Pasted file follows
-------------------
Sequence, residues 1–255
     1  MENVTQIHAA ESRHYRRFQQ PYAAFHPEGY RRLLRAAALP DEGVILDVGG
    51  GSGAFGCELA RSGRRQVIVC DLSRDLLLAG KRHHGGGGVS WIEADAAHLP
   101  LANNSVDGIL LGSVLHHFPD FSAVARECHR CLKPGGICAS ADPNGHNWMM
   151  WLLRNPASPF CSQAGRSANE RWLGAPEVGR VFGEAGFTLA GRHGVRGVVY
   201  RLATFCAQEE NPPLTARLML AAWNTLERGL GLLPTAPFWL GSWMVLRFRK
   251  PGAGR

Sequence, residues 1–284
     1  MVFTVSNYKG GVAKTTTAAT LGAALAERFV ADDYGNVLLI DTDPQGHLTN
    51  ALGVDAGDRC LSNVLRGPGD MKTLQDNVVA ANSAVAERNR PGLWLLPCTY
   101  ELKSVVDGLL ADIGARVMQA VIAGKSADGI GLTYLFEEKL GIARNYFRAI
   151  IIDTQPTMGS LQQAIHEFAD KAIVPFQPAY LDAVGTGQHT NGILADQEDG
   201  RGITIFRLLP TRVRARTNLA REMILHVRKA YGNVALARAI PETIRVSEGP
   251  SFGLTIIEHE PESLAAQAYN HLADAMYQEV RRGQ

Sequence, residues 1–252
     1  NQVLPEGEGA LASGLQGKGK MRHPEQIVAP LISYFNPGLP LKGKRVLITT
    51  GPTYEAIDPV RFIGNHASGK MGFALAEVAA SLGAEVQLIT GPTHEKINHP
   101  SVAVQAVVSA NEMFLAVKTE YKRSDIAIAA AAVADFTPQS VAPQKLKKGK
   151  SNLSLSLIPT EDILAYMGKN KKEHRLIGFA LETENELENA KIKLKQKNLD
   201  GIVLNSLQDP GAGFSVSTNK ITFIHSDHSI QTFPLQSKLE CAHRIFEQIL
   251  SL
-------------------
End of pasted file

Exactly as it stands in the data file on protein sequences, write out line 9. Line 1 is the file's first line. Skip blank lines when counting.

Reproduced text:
     1  MVFTVSNYKG GVAKTTTAAT LGAALAERFV ADDYGNVLLI DTDPQGHLTN